Lizette Colón, a faculty counselor at Hostos Community College, knows what it means to be flexible. The educator is accustomed to working inside and outside the classroom, but last spring found her meeting with students in the hallway after she was shut out of her faculty office.
Faculty Counselor Colón worked in the hallway after access to her office was denied.
At issue was Colón’s refusal to pay a fee she found exorbitant for the replacement of her keys, which were stolen out of the door lock during a moment when her back was turned.
“I went [into the office] for less than two minutes to give a T-shirt and an appointment to a student,” Colón told Clarion. “When my student and I came out from the office to the hall, the the keys were no longer there.”
Insult to Injury
The administration refused to accept her report of the keys as stolen, Colón said, and when she asked administrators to review footage from the security camera in the corridor, she was told that the camera was not functioning. She was asked to pay $100 to replace the “lost” key.
Adding insult to injury, when she was first assigned the office, Colón was given a choice between having a key lock or a key pad for access to her office. She requested the key pad, which was installed, only to be removed a week later and replaced with the lock.
To Colón, the high replacement fee seemed a bit unusual. Colón noted that she wasn’t the only Hostos employee she knew of dealing with this issue. An employee on the support staff, whom Colón did not wish to name, was socked with $200 in fees for two lost keys, one of which was a key to a restroom.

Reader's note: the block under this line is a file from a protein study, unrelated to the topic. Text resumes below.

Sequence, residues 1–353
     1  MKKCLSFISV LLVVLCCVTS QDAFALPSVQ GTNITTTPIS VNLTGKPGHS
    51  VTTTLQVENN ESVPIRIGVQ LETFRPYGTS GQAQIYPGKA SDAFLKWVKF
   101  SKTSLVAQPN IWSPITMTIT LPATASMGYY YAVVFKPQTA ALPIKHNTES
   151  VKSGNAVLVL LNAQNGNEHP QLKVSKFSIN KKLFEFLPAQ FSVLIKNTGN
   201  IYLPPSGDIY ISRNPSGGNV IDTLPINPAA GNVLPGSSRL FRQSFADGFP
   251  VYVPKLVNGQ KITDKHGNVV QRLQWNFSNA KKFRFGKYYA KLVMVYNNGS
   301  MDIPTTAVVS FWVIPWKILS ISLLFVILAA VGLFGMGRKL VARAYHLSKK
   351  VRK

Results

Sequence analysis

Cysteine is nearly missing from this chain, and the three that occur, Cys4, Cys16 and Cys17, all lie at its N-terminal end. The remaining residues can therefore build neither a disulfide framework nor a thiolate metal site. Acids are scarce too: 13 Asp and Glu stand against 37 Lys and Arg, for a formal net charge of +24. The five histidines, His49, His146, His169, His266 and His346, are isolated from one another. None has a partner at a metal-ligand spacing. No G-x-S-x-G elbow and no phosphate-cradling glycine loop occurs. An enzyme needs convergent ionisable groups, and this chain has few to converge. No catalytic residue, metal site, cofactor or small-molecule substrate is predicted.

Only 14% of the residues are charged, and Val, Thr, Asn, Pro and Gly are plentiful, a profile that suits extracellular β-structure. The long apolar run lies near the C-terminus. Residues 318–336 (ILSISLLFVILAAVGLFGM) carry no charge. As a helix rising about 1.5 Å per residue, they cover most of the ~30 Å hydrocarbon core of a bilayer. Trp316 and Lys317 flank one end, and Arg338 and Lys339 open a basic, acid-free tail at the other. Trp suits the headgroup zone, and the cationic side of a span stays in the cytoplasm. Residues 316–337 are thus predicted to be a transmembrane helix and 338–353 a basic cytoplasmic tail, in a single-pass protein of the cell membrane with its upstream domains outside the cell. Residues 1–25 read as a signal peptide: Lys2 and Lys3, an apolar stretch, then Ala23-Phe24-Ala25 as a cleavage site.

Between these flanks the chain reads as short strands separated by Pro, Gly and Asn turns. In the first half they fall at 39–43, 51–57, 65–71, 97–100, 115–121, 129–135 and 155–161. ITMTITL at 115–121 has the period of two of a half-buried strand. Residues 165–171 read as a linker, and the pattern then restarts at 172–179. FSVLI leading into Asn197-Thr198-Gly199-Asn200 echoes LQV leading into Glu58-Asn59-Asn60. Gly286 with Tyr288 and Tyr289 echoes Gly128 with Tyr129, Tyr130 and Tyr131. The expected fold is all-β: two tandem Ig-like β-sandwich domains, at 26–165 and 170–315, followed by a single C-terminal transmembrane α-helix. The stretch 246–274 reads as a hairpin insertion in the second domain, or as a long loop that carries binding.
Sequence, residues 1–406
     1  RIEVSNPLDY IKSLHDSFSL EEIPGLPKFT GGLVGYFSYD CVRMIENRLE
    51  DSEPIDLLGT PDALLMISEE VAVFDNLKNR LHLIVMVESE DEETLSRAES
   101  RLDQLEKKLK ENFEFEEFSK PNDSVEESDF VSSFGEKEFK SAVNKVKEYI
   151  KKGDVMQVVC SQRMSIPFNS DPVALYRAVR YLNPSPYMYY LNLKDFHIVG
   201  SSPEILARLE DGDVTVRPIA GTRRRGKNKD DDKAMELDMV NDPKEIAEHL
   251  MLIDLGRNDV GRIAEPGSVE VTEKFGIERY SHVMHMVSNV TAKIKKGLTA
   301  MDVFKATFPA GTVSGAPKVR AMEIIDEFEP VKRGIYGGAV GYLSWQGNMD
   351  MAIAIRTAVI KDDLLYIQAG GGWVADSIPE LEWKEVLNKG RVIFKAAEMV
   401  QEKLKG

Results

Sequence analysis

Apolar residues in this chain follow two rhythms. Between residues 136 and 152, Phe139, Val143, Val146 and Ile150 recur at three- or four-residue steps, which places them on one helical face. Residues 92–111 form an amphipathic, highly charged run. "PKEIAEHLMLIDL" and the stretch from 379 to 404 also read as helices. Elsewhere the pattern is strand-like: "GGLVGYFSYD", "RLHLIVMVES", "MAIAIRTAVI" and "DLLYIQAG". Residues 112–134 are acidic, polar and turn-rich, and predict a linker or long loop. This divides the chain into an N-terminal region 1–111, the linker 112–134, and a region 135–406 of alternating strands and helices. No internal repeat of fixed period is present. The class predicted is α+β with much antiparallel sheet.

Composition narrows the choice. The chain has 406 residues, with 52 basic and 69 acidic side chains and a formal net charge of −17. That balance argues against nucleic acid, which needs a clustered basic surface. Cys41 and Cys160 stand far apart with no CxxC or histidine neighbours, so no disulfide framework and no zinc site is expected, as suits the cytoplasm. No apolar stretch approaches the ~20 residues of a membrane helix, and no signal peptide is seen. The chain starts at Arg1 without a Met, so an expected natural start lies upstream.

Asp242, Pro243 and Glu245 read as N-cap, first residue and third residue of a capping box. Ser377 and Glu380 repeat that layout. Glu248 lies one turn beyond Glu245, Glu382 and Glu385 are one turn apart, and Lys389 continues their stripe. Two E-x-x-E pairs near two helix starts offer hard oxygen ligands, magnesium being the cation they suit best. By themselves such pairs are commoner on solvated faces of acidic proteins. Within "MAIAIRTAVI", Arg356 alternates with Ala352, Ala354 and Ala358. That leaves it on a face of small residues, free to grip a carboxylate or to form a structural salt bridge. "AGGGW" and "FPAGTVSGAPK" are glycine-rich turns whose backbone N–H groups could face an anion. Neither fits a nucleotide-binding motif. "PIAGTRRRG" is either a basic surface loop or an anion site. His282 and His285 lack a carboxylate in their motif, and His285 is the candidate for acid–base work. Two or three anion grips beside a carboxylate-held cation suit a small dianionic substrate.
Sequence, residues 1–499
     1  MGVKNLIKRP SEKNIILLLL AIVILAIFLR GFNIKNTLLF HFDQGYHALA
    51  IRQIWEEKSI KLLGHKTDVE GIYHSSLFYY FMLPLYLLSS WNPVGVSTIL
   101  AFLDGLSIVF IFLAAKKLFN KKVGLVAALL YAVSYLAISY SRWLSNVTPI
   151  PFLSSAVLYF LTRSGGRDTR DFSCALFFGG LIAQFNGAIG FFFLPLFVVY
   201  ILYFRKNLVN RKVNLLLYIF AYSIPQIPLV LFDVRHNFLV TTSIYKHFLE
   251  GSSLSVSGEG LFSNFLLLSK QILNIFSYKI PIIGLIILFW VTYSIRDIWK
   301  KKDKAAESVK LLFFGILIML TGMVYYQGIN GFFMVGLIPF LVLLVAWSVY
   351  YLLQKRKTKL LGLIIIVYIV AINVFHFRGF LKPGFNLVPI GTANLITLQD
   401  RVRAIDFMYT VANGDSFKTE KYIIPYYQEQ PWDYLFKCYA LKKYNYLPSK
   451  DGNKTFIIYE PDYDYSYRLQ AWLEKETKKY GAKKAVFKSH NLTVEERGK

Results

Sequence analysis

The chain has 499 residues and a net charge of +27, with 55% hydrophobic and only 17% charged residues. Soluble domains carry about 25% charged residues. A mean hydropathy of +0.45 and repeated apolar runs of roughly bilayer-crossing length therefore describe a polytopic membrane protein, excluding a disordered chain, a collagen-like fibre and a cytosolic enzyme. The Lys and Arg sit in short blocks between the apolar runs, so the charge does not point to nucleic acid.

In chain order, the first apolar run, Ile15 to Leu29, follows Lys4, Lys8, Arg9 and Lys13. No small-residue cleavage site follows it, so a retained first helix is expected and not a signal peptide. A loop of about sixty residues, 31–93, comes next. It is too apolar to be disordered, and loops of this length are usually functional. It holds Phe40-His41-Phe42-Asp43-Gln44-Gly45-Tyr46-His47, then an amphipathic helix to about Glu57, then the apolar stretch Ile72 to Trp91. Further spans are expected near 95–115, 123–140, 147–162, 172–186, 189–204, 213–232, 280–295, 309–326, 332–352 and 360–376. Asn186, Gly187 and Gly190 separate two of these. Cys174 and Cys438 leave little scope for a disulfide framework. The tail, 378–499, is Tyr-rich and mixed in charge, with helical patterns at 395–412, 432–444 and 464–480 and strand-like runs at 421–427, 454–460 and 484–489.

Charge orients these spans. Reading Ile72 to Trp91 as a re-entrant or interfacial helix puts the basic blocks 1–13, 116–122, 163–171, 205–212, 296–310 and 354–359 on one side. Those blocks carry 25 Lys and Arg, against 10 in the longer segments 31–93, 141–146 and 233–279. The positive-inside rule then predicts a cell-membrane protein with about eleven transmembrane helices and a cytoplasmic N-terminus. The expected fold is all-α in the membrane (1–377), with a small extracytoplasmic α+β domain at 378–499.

Colón did some checking around and found that Hostos was the only college in the CUNY system that charges such high fees for replacement keys: many, in fact, imposed no fee at all. The highest fee found by Colón for a replacement key at a CUNY college other than Hostos was at John Jay College, where an employee was required to cough up $10 for a key.
When Colón asked administrators why the key replacement fees at Hostos were so high, she said they told her the fees were set as incentives for key-holders to treat their keys responsibly. “But the truth is that people [only] find out about the cost when they lose them,” she told Clarion. “The majority of us are not cognizant of the cost.”
Colón refused to pay the fee, prevailing instead on colleagues or staff with master keys, or calling the security office to request that they send someone to let her in. At first, she said, security personnel were cooperative in opening her office to her when she needed access, but then, she said, as the weeks went by, the office began delaying sending an officer to help her. So, she began meeting with students in the hallway outside her locked office door.
Then, mysteriously, after her weeks of hallway sessions, Colón received word to come pick up her new key. No fee required.
“I never learned who paid for it,” Colón told Clarion.
Today, the Hostos key policy, with its high fees, remains in place. But it gave Colón the opportunity to demonstrate the tactics and results of passive resistance to the students who met with her in the hallway.